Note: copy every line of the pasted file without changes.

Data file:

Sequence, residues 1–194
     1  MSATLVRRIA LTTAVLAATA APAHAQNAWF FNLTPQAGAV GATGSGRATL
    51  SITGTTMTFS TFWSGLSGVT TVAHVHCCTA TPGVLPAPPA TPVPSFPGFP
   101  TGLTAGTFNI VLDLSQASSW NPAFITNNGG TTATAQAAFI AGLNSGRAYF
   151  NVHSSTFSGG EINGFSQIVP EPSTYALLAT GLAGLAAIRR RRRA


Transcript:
Sequence, residues 1–194
     1  MSATLVRRIA LTTAVLAATA APAHAQNAWF FNLTPQAGAV GATGSGRATL
    51  SITGTTMTFS TFWSGLSGVT TVAHVHCCTA TPGVLPAPPA TPVPSFPGFP
   101  TGLTAGTFNI VLDLSQASSW NPAFITNNGG TTATAQAAFI AGLNSGRAYF
   151  NVHSSTFSGG EINGFSQIVP EPSTYALLAT GLAGLAAIRR RRRA